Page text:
Here are five additional thoughts on the Seahawks' signing Thursday of place kicker Blair Walsh, which likely means the end for Steven Hauschka in Seattle.
Here are five day-after thoughts on the Seahawks’ signing of place kicker Blair Walsh on Thursday.
1, As noted in the linked story, this likely means the end for Steven Hauschka, who has been Seattle’s kicker since 2011. Hauschka made $2. 7 million last season and is now set to be an unrestricted free agent in March. Walsh will undoubtedly make much less than that with Seattle, maybe in the $1 million range or so (though his contract details have not yet been revealed). While it probably hasn’t been ruled completely out by either side, it would seem unlikely Hauschka would agree to a deal to return to his old team to compete for his old job at likely at least half of his old salary. I would imagine Seattle will at least bring in another free agent, not necessarily a veteran but an undrafted rookie or younger player, to compete with Walsh — it wouldn’t be the Seahawks’ way to just hand him the job. But Hauschka will almost certainly be looking for another home (one team that may need a kicker is the Rams) when the free agent signing period begins March 9.
2, Some readers asked about the timing of the signing. Because Walsh had been released last November and then did not sign with another team, he is what the NFL refers to as a “street’’ free agent, meaning he was not on a roster at the end of the 2016 season. Street free agents can then sign at any time with any team (this is the same as Perrish Cox, a defensive back the Seahawks also recently signed). Hauschka is among the players whose contracts run out when the new league year begins on March 9 so he cannot sign with another team until then, though he could have signed a new deal with the Seahawks as teams can sign their own players at any time. Getting Walsh signed now also gives some additional clarity to Seattle’s salary cap picture as it prepares for the free agent signing period.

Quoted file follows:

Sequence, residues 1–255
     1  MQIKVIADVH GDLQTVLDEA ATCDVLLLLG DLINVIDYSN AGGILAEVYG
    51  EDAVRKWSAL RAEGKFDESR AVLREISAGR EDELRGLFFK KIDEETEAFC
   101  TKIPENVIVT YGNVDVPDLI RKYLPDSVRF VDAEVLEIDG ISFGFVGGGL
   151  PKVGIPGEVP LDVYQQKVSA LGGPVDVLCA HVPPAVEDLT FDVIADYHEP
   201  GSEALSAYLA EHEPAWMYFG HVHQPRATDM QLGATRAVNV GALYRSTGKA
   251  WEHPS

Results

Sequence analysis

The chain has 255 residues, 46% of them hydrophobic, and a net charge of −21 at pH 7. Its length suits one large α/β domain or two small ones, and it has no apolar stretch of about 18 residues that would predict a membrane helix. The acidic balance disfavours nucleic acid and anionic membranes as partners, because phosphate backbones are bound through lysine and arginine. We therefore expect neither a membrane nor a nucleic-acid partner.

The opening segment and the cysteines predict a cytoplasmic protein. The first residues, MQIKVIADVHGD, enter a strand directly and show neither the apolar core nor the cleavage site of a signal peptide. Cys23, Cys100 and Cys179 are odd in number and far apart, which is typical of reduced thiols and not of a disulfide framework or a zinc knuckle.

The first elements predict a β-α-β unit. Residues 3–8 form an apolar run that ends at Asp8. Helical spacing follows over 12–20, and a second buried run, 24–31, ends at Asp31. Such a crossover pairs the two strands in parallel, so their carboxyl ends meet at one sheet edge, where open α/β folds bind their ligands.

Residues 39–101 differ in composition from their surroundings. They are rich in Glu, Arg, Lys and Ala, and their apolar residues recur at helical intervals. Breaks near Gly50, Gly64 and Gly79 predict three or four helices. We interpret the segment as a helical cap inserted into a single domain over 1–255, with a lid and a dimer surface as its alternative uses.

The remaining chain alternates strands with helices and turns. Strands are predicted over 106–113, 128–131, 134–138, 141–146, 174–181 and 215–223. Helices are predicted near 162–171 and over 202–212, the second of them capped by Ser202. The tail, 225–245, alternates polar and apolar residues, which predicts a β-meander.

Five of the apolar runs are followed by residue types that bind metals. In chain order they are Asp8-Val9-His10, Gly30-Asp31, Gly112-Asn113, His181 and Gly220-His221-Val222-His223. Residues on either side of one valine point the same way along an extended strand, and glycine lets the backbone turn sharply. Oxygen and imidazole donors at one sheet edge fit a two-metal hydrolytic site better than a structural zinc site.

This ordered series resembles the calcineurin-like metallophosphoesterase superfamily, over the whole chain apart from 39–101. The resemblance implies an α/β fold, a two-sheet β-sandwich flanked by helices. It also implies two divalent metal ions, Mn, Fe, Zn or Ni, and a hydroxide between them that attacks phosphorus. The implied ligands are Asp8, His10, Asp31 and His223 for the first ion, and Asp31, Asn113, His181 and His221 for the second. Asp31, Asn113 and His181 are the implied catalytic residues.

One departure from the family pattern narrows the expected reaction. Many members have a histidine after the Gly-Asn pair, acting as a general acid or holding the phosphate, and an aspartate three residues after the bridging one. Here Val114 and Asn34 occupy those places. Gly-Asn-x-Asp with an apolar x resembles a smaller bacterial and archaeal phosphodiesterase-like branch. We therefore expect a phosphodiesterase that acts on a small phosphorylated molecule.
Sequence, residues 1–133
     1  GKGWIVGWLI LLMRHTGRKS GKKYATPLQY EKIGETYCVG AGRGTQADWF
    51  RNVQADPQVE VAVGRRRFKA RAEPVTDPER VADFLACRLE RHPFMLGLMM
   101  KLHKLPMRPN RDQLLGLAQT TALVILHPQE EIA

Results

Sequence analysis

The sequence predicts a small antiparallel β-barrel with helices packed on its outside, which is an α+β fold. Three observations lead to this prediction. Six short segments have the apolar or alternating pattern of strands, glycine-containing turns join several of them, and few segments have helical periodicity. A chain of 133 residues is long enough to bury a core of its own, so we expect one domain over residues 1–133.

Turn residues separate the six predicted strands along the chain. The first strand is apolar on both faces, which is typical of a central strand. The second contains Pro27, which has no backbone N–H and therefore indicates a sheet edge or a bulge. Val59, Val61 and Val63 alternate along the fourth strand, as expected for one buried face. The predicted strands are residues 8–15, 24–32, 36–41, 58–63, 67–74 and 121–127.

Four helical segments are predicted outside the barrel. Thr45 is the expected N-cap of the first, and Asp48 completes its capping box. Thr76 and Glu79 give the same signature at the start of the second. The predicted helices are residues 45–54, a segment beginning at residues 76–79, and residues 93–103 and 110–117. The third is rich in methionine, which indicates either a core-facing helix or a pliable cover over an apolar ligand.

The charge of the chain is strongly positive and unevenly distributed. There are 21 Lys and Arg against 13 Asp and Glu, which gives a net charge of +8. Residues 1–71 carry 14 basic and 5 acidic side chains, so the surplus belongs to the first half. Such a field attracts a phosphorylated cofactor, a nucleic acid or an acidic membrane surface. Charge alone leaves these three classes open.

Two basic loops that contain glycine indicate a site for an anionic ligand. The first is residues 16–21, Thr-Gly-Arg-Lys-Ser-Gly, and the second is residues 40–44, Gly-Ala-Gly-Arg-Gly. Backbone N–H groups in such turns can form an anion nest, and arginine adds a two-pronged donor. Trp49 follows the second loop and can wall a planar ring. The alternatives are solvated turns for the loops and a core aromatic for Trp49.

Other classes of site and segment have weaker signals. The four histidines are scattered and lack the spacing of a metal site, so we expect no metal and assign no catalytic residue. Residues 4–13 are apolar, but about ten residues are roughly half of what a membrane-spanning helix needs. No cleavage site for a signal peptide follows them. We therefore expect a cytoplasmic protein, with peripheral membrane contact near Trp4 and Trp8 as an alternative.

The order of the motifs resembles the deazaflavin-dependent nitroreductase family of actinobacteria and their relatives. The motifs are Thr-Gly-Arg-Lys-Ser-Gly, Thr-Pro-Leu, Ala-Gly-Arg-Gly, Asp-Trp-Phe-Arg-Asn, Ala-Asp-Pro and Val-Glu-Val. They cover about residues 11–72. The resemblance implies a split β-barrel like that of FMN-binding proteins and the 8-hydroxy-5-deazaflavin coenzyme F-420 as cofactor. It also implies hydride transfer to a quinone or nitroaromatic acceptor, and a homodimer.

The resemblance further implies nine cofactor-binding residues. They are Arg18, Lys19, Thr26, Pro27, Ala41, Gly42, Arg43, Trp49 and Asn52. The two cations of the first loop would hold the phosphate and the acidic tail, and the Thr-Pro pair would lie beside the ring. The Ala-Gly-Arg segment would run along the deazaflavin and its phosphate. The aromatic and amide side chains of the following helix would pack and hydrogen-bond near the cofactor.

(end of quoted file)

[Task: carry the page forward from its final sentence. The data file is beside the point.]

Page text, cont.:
3, Hauschka, who turns 32 in June, will go down as one of the best kickers in Seahawks’ history, leaving as the team’s career leader in field goals with 175 and second all-time in points (759). The apparent change in kicker also reiterates how much stability has had at that position over the years. Seattle has had just nine primary kickers in 41 seasons — by comparison, Tampa Bay, which also entered the NFL in 1976, has had 14. Seattle has had just seven primary kickers since 1982 — Norm Johnson (82-90), John Kasay (91-94), Todd Peterson (95-99), Rian Lindell (2000-02), Josh Brown (2003-07), Olindo Mare (2008-10) and Hauschka. Interestingly, none ended their careers with the Seahawks, with almost all going on to substantial post-Seattle careers — Johnson went on to kick in the Super Bowl with Pittsburgh following the 1995 season and Kasay with Carolina following the 2003 season, for instance. Something, maybe, that can give Hauschka some solace as he likely sets out to look for a new home.
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4, The signing of Walsh and likely moving on from Hauschka also marks another change to a kicking battery that had been stable from 2011-15 — Hauschka, holder/punter Jon Ryan, snapper Clint Gresham — before the Seahawks released Gresham last March. That set in motion a somewhat-dizzying search for a new snapper that ultimately settled on Nolan Frese for the regular season until he was injured in the final game, with Seattle then signing Tyler Ott for the post-season. Frese and Ott remain under contract for next season, presumably set for a camp battle at snapper. With Walsh potentially having at least one competitor, as well, it could be the most intriguing training camp for special teams battles in years.
5, That Hauschka had become a fan favorite and that Seattle fans may largely remember Walsh for his playoff miss against the Seahawks a year ago might have led to do some conflicting emotions about the move, even if conventional wisdom around the team had been that there was a good chance the Seahawks would move on from Hauschka if a cheaper option who could potentially perform similarly could be found.
One outsider’s view of the move, from WalterFootball.com, graded it as a B, writing: “No financial terms are available for this signing, but I doubt it’s much, or if anything, above the league minimum. Blair Walsh was released by the Vikings last season and spent the final two months of the year on the open market. Walsh missed four extra points in nine games, so Minnesota opted to go with someone more reliable. The Seahawks needed a kicker, as Steven Hauschka is a free agent. Walsh could prove to be a strong replacement if he mentally recovers from his playoff whiff against these very Seahawks. Walsh was once a terrific kicker; he was 35-of-38 in 2012, including 10-of-10 from 50-plus. Walsh was also excellent in 2015 before the postseason blunder; he went 34-of-39, including 6-of-8 from beyond 50. However, the missed chip-shot that would’ve given Minnesota the win over Seattle apparently ruined him. There’s always a chance Walsh could just be done mentally, so the Seahawks should acquire another kicker (seventh-rounder or UDFA) to have as competition. However, the upside is there for Walsh to potentially make a recovery and become one of the league’s top kickers again. I think this is worth a “B” grade for that reason.”